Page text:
If you’re a student in Toronto, chances are you’ve noticed little hiccups in the school system. From the shortage of agendas to major increase in class sizes, these small inconveniences were just something you quietly sigh about during the homeroom debrief. It was nothing we couldn’t handle. Until the “strike” incident happened.
During the first week of October, students discovered that all TDSB schools were to strike the following Monday. At first, we panicked. Our group chats were flooded with complaints about how much school work we would be missing, how the school system was failing us, and of course, clown emojis. It was as if the education system itself was shutting down. Oh wait, it was.
Increased class sizes, reduced numbers of teachers, and digitized teaching methods. These are recent changes the provincial government has made to the education system and no one, not the students and not the Canadian Union of Public Employees (CUPE), is happy about it. In an attempt to bargain with the government about reversing the changes, the CUPE threatened to strike. And if the strike were to happen it would cancel all education programs in the Toronto District School Board, Peel District School Board and York Region School Board.
As the judgment day approached, students had a revelation: a school strike meant a long weekend. The stress and worries flew from our minds as the messages in our group chats turned into attempts to make plans for our unforeseen holiday. We thought, “Hey, maybe the strike won’t be so bad.”
Thousands of students began planning their long weekend, dreaming of the fun they could possibly have during the potential school strike. Perhaps that was too hopeful of a dream.
Then a tweet appeared on our screens: the deals between the school board were being renegotiated. We weren’t worried, surely the school board was too much of a mess to reach a satisfying conclusion within a few days. Every student tuned in, waiting for the good news that would confirm the long weekend. Only for us to find out that school would remain open. Students cried, annoyed that their personal vacation had been ruined. Complaints about the flaws in the education system and the clown emojis, however, continued.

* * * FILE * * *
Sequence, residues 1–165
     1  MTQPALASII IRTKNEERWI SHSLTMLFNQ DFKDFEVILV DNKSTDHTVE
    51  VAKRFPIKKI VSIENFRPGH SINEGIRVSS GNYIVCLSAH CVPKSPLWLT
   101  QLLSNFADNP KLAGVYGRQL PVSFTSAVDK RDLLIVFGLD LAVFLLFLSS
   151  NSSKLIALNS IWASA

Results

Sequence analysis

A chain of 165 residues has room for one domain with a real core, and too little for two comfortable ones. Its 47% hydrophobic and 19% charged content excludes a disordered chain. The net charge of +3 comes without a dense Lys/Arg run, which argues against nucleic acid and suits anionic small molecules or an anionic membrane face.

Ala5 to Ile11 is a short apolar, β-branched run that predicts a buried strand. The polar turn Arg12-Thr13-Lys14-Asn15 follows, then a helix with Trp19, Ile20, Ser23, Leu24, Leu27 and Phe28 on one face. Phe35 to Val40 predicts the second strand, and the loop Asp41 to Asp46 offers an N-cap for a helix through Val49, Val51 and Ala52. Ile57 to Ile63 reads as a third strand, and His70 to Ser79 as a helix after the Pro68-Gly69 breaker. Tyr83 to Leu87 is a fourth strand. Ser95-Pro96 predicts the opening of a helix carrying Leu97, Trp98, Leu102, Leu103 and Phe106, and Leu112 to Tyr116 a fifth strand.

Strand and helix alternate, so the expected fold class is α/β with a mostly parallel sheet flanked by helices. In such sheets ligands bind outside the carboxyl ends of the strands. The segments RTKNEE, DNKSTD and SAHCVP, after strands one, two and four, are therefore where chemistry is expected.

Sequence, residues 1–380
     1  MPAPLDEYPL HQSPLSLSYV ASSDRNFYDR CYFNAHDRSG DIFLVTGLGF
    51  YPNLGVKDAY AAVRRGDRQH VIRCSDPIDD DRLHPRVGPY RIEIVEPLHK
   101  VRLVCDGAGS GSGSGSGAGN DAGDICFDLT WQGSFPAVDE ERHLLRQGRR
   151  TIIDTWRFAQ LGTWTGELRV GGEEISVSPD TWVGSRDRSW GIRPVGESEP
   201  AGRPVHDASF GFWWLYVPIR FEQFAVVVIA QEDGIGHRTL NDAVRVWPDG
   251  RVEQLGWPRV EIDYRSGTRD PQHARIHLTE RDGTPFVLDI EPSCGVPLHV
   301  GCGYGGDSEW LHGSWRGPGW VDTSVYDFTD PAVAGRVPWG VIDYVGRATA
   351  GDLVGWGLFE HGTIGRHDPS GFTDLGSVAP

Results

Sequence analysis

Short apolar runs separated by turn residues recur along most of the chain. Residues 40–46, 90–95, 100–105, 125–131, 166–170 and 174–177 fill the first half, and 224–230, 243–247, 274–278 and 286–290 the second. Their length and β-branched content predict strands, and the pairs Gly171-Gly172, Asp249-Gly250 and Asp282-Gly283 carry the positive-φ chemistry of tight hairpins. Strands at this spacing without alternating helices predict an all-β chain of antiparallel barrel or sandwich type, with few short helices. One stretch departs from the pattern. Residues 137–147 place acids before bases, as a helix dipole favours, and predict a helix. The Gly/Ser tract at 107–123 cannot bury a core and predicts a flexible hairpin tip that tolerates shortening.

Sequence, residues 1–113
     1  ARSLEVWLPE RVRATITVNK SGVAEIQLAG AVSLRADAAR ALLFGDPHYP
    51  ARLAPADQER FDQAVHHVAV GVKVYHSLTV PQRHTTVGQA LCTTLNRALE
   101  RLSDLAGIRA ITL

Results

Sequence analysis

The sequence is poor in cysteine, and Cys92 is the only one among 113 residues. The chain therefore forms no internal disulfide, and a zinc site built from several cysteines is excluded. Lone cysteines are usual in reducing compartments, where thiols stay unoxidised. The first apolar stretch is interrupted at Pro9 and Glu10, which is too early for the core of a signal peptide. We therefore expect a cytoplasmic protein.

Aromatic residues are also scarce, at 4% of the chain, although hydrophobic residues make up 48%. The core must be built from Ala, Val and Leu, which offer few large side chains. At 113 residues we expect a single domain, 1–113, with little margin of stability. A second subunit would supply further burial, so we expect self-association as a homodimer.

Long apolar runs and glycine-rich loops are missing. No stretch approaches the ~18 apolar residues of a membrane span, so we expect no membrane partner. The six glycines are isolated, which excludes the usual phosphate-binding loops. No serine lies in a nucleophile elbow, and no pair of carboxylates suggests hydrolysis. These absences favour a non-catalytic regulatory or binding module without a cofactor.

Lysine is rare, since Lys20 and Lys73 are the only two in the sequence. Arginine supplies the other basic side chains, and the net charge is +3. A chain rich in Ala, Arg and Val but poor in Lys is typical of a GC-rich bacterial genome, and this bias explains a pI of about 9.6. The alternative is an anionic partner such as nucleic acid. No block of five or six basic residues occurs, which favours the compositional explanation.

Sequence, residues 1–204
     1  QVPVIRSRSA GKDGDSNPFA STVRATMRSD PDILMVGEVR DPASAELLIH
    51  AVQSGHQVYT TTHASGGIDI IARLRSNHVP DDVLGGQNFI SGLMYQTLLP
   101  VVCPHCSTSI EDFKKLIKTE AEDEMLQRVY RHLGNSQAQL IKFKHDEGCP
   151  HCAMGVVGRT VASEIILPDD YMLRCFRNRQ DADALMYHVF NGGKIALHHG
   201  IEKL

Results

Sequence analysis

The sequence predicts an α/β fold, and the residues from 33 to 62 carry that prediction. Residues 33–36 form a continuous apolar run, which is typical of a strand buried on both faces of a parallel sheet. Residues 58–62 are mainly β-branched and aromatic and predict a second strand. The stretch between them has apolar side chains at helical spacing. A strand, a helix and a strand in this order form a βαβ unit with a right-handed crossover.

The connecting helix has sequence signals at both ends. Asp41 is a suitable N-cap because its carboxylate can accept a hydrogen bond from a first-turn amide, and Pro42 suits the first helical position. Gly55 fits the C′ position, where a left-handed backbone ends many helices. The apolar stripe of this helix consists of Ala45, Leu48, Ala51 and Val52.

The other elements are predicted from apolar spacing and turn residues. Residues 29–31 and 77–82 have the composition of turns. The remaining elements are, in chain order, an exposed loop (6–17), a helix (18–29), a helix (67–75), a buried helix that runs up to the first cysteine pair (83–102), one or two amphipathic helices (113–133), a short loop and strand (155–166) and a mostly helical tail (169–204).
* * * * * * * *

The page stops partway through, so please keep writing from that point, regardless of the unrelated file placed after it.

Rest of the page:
Ultimately, we’re glad that an agreement with the government was reached because it shows a mutual foundation based on understanding could be made. As a student in my last year of high school, I can say that this year has been the hardest. Stress is at an all-time high. Every missed day, every missed lesson and every missed mark matters, because they now will negatively impact our future and our potential.
It’s no surprise that my generation seems to be more interested in making commentary rather than taking action. Amidst the chaos, the Twitter comment section is the most heated. There, students expressed their thoughts on the seemingly absurd reality. But why direct this hatred for the school board to Twitter, when the passion could be used to lead their education in a positive direction. Commenting “TDSB sucks lol”, and complaining about the school board being terrible may be fun and easy, but it’s ineffective. We, as students, are opinionated, and now we have to use that power to make a difference in our education. We have to take our future into our own hands.
As any great teacher would say, the most valuable voice is the student’s voice. When students represent themselves and communicate their own needs, instead of a passive topic at hand, our voice can lead the discussion. Just like the changes made by our very own 1UP Fellows. With a small idea, guidance from their mentors and 1UP and communications with the school board and government. They bloomed projects that changed their school’s outlook to be the environment they want to learn in. With them setting examples, every one of us could be change-makers just like them. If we could achieve a goal by communicating and a strong desire to make a change. This unity between the government, school boards, and the student body will result in a positive manner with solutions designed for the needs and wants of the student.
But once again, is this too hopeful of a dream? It’s terrifying just how little control students seem to have over their own future. Then again, maybe it’s because people tweet and comment and then refuse to take more action. We can’t just complain and be complacent, waiting for someone to lead the way. Because if you won’t care about your future, no one will.